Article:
Digital Media Europe is reporting that the city of Preston in the UK has gone wireless. And Nantucket Island is giving one megabit-per-second WiFi access to residents and visitors over an area of 800 acres. These hot-zones are just the latest in a growing tidal wave of wireless-ness that started in the US with a few hot-desk offices and a few wireless home networks. Then a couple of far-thinking university campuses went wireless so students could access the Web, the Internet, e-mail, online communities, and collaborative learning tools without having to find somewhere to physically jack into the campus intranet.
Then Starbucks put WiFi hotspots in its coffee shops to attract people in to check their e-mail (and buy an espresso). Then hotspots went into airport lounges. Now McDonalds is putting hotspots in its outlets; hotel chains and conference venues are becoming wireless zones; and many industrial parks, corporate campuses and town centers have joined the bandwagon. It is relatively cheap and easy for a business to set up a WiFi hotspot, and users cover the operating costs. And it gives a competitive edge to businesses trying to attract customers.
What is remarkable about this is how fast it has happened. From nowhere, WiFi became a $7 billion business in 2003. A year ago there were 28,000 hotspots around the world (12,000 of them in the US). WiFi was still young. A mid-2003 MORI survey in the UK revealed that while one in three people knew what a WiFi hotspot was, most had no idea at all:
5 percent of all respondents thought it was a nightclub, while 10 percent of single respondents identified it as a nightclub
2 percent of all respondents thought that it was something smelly that has been left out in the sun for too long
2 percent thought that it was a new hi-fi
1 percent thought that it was a posh hot tub
1 percent thought that it was a sunbed
1 percent thought that it was a microwave ready meal
1 percent of married respondents identified it as trouble with the wife
10 percent of 15-to-24-year-olds in the UK thought a Wi-Fi hotspot was an area with good mobile phone reception.
An ABI research forcast 200,000 hotspots worldwide by 2007, with growth in Europe outstripping that in the US.
In parts of the US, WiFi devices are becoming as ubiquitous as mobile phones (true, you can surf the web on those too, and you don't need to be near a WiFi hotspot to do it -- though WiFi mobile phones have recently made an appearance on the market). All you need is a wireless device, say a laptop with a wireless card (pretty much standard in most laptops today) or a wireless PDA, and you have instant high-speed access to the Internet. You also need an account with the hotspot provider. But with hotspots mushrooming, competition is pushing down already low access costs.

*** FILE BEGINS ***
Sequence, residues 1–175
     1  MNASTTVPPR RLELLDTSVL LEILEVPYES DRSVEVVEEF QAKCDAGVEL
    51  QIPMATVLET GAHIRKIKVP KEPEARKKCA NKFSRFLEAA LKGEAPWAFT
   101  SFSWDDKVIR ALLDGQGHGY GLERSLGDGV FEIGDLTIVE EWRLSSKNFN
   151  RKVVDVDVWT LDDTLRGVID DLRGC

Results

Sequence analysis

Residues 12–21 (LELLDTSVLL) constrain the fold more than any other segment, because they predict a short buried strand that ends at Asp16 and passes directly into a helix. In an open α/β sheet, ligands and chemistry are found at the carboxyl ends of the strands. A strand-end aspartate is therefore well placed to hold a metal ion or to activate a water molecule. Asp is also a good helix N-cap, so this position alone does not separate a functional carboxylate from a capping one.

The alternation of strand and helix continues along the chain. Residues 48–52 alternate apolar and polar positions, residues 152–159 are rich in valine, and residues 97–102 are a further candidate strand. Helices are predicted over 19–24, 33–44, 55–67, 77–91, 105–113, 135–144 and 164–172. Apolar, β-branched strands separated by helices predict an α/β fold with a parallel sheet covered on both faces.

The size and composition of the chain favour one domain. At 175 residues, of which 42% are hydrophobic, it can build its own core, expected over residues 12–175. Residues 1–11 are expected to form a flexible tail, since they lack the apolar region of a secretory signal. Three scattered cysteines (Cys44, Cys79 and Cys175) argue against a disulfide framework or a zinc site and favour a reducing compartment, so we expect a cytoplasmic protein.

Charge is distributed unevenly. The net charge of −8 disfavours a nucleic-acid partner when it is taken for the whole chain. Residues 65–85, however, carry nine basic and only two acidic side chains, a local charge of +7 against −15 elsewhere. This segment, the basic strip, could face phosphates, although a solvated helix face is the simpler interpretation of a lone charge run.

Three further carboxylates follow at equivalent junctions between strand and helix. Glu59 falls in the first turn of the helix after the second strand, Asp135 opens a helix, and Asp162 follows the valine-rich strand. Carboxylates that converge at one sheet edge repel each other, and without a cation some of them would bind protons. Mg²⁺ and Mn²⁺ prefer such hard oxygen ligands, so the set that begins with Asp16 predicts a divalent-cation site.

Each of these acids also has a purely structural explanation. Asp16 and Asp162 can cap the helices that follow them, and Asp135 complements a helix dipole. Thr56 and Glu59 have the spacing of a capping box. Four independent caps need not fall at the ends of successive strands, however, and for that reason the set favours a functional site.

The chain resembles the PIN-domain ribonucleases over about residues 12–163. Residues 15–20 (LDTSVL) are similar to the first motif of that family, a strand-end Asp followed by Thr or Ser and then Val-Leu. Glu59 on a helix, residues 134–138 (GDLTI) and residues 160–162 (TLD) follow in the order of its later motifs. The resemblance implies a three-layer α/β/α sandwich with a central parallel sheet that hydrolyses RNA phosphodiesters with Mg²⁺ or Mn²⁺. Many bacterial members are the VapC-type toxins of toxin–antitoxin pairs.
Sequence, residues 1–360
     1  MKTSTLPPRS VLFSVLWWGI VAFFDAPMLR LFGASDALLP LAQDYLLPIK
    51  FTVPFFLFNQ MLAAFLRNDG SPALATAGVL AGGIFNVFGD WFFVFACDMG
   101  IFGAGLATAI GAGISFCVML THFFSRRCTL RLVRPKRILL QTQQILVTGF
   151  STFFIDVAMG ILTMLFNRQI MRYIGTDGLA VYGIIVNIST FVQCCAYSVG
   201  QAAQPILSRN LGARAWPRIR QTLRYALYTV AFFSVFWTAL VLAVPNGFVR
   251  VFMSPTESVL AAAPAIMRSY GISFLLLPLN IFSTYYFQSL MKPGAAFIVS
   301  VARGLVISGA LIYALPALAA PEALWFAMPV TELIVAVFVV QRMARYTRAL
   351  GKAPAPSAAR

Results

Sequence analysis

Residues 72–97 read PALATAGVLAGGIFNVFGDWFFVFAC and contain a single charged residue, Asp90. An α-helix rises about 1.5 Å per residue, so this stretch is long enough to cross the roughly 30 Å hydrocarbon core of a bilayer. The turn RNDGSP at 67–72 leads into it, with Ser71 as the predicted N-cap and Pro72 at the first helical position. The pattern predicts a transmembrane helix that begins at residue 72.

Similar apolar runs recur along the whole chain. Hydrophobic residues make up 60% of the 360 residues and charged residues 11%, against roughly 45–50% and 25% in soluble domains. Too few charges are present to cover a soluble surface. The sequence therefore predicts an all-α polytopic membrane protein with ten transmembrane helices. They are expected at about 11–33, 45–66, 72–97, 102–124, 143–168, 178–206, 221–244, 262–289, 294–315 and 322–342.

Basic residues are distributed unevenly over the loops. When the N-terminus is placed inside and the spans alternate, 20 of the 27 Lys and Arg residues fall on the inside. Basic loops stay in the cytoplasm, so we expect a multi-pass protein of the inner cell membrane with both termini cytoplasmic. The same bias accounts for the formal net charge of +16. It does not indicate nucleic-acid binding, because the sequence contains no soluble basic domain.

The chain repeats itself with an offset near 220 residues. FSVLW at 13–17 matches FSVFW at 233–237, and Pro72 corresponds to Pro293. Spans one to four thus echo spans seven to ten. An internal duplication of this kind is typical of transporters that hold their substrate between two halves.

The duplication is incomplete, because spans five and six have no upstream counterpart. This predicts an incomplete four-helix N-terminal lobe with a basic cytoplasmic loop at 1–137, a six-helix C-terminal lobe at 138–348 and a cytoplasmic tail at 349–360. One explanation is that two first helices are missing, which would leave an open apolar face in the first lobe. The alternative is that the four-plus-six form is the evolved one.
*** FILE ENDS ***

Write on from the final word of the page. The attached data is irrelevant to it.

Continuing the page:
To find out if you are in range of a wireless LAN, you simply have to turn on your laptop, PDA or pocket PC. But that can be awkward. So now you can get a key-ring size device that acts like a WiFi geiger counter, detecting nearby hotspots. All for less than $30.
This little device can't tell you anything about the networks in your vicinity, other than direction and signal strength. So an alternative is to download for free a copy of NetStumbler, which will tell you a great deal about the wireless LANs within range, and help you log on. NetStumbler is an indispensible piece of software for avid Wardrivers -- sort of modern-day train-spotters who like to roam around finding and documenting available wireless networks. But be warned, it is illegal to use a corporate LAN without authorization, and hopping on to check your e-mail is as illegal as hopping on to steal confidential information.
When the latest WiFi standard, 802.11i, rolls out in a month or two, many of the security fears that have kept corporate LANS hardwired will disappear, further boosting the number of wireless devices capable of using public WiFi hotspots. Corporate wireless network admins are getting a lot smarter about security. Eventually home users will too. (Incidentally, the easiest way to hide your home wireless network from wardrivers is to change default password settings and disable SSID broadcast, which stops your system from responding to broadcast probes).